Kezia Dugdale has revealed she once voted for the SNP because she was “so mad about Brexit”, contributing to an historically awful result for Scottish Labour.

The former Scottish Labour leader told the BBC she backed the vehemently anti-Brexit Nationalists in the European election of May 2019, but had backed Labour in elections since.

At the time, Scottish Labour was led by Ms Dugdale’s left-wing successor Richard Leonard, while the UK party was under Jeremy Corbyn, neither of whom had a clear Brexit position.

The election was one of the most bizarre the country had ever seen, as the MEPs elected lost their jobs eight months later when the UK left the European Union.

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Then Tory prime minister Prime Minister Theresa May had wanted to avoid the UK taking part in the election, but delays to her Brexit deal meant she could not avoid it.

Across the UK, the election was won by Nigel Farage’s Brexit Party, followed by the Liberal Democrats, Labour, Greens and Tories in terms of MEPs.

It was the worst ever result for Labour and the Tories, who lost 10 of 20 MEPs and 15 of 19 MEPs respectively, as their vote share collapsed.

In Scotland, Labour fared even worse, coming fifth and losing both its MEPs while the SNP took three, with one each for the Brexit Party, LibDems and Tories. 

Ms Dugdale, who led Scottish Labour from 2015 to 2017 and is now director of the John Smith Centre at the University of Glasgow, spoke to BBC Radio 4 for a forthcoming documentary on the coming general election fight in Scotland.

She said: “I voted SNP once in my life and that was in the European Union elections immediately after Brexit, where I was so mad about Brexit, I wanted to register a vote for them. And for that reason alone.

“I felt I could vote for the SNP in that European Union election, because that in no way could be construed as a vote for independence. I felt that that was a safe thing to do.

I voted Labour in every election since then, from the council to the Scottish Parliament, to the general election, I have used a vote for Labour.”

Ms Dugdale, who is no longer a party member, is married to SNP Education Secretary Jenny Gilruth.

Last August, she said her stance on independence had “moved” as she could no longer argue as strongly for the Union as in 2014, but was not ready to vote Yes in a referendum.

The BBC also spoke to current Scottish Labour leader Anas Sarwar, who said he believed 28 of Scotland’s 57 seats are “in play” at the general election.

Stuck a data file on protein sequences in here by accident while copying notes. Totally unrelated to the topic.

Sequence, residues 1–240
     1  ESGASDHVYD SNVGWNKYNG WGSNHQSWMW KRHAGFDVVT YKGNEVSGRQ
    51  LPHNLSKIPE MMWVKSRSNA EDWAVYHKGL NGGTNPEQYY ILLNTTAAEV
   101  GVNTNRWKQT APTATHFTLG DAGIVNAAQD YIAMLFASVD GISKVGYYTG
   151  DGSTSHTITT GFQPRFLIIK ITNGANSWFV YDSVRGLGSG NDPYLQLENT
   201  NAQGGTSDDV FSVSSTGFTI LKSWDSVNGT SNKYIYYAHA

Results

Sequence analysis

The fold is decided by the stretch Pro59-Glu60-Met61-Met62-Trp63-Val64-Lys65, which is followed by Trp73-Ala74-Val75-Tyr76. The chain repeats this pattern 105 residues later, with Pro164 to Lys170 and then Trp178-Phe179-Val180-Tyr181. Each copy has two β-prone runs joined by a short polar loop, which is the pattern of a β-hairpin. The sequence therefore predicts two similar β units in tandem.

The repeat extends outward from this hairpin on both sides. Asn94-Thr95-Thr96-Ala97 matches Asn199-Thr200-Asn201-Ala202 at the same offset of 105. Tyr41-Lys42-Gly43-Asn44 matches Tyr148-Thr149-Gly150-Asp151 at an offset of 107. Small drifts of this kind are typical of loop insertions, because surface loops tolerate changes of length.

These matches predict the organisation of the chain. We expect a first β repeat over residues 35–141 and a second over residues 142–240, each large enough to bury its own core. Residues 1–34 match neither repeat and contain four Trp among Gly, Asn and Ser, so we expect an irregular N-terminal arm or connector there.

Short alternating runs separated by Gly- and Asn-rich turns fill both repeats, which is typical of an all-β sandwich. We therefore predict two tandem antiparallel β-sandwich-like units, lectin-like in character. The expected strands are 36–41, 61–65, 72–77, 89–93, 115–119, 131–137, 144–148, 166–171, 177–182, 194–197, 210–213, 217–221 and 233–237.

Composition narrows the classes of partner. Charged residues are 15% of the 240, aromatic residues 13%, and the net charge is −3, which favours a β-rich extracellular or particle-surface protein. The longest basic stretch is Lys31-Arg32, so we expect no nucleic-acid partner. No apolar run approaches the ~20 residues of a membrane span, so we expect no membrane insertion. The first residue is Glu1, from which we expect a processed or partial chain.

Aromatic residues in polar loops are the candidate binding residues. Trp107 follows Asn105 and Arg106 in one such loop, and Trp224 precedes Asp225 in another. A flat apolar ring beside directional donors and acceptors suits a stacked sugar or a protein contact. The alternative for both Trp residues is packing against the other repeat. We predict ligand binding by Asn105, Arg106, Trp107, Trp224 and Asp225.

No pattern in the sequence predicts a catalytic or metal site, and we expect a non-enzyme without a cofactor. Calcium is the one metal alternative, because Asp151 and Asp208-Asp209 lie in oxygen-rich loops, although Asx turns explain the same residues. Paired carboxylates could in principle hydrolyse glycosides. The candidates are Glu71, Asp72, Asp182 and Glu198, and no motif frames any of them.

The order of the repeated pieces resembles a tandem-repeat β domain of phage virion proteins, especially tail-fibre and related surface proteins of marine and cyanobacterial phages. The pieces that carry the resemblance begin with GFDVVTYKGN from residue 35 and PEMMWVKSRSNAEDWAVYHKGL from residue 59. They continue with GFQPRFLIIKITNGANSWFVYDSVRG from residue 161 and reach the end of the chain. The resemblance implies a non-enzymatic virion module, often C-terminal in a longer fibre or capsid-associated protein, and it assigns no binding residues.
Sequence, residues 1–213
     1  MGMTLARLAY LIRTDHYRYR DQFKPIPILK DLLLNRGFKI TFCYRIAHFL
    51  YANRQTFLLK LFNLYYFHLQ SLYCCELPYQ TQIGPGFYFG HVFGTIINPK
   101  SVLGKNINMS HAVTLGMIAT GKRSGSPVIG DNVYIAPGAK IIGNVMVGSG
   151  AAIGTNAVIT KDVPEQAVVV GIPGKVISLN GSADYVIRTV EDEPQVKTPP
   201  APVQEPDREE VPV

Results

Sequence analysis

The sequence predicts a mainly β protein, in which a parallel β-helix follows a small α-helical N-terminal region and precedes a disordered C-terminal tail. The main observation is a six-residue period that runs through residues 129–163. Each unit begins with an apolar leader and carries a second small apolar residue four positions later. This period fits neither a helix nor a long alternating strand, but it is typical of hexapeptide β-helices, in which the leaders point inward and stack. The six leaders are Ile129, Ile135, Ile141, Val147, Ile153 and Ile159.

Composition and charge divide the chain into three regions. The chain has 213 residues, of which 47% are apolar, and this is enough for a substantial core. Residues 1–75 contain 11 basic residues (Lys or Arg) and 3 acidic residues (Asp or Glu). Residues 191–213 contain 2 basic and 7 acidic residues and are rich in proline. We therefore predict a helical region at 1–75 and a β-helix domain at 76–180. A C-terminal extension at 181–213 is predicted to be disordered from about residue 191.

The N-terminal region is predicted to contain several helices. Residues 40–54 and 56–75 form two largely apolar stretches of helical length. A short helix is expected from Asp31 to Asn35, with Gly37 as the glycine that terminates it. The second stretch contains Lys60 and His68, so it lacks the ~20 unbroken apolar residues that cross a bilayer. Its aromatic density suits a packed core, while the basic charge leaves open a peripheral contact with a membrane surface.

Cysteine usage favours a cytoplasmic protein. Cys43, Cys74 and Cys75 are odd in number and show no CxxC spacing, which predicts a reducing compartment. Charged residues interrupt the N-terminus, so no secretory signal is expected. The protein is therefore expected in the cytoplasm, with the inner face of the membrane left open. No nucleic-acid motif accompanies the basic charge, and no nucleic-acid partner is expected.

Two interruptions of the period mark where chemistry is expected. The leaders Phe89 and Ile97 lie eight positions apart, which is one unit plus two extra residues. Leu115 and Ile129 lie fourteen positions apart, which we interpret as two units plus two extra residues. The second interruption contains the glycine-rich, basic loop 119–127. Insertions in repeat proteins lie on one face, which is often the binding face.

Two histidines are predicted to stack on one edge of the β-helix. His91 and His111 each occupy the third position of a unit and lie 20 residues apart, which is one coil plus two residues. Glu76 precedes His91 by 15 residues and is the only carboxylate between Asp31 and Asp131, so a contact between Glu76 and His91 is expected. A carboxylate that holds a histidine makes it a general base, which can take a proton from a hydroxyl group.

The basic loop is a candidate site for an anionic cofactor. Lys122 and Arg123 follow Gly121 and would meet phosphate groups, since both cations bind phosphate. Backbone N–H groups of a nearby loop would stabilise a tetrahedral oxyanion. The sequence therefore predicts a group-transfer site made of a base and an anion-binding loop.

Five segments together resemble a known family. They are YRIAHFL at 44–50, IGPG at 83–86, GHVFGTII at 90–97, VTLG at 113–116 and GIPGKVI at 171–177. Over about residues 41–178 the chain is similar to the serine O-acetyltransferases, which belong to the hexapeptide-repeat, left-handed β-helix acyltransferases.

He said: “I think the tipping point in Scotland is around 35% – if we get around 35% in the polls then we are in competition to beat the SNP.

“If I said that to anybody two-and-a-bit years ago, they would have thought I was deluded. But I have always believed that’s what we can do.”

First Minister Humza Yousaf, who will be under pressure to quit if the SNP fails to win a majority of seats, said he was not afraid of polling day.

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He said: “I don’t fear a general election at all. I see it’s a huge opportunity. 

“There’s no getting away from the fact that 2023 was a difficult year. But the general election presents an opportunity because, ultimately, a general election will be and should be a battle of ideas. And I think the SNP is strongest when it’s talking about policy.”

Tory MSP Craig Hoy said: “ProUnion voters will be dismayed that a former Labour leader could vote SNP and betray the Union so easily. This is even more evidence that you can’t get a cigarette paper between the SNP and Labour as on a wide range of key issues.”

A spokesperson for Scottish Labour said: “There is an overwhelming majority in Scotland and across the UK for change. That means Scotland can lead the way in getting rid of the Tories and maximising Scotland’s influence in the UK.

“Our message to all voters is the same - we don’t care how you voted in the past. We are the only party in this country trying to persuade anyone and to unify it around change.”